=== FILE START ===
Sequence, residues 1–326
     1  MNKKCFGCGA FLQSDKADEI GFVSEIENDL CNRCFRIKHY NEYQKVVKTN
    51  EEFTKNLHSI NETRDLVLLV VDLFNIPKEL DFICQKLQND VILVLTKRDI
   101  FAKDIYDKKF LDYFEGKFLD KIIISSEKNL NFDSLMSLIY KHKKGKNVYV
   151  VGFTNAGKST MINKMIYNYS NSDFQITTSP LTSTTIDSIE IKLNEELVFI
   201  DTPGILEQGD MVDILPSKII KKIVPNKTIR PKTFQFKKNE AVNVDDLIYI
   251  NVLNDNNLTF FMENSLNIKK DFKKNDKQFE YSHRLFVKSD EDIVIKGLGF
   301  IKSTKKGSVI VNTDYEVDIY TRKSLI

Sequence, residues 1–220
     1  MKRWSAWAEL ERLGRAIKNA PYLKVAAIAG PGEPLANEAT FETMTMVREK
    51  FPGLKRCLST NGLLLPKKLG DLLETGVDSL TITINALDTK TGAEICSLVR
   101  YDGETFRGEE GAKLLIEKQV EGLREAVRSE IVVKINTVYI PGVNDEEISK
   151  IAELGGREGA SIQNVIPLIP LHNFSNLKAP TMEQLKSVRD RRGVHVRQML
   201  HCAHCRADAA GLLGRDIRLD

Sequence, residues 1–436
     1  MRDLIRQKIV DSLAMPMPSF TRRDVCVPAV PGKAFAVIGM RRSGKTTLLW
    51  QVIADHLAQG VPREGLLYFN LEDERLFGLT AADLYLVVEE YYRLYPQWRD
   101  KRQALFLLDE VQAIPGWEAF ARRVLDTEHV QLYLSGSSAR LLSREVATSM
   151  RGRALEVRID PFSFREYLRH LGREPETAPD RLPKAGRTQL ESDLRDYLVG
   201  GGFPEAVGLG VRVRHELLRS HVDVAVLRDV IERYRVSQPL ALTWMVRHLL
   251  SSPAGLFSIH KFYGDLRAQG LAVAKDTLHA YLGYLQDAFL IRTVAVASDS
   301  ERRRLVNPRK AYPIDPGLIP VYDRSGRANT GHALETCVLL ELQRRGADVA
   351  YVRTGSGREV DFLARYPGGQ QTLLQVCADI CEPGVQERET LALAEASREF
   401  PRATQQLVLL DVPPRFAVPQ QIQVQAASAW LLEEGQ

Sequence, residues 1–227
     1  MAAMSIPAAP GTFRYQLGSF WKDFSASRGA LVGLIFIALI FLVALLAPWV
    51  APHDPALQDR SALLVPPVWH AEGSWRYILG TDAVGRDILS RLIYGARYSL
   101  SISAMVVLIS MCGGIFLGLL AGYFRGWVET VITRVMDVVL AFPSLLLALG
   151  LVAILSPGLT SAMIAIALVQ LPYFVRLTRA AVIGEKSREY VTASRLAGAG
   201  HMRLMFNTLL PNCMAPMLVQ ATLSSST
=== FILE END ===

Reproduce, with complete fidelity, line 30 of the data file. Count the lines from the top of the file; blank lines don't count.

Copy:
   201  HMRLMFNTLL PNCMAPMLVQ ATLSSST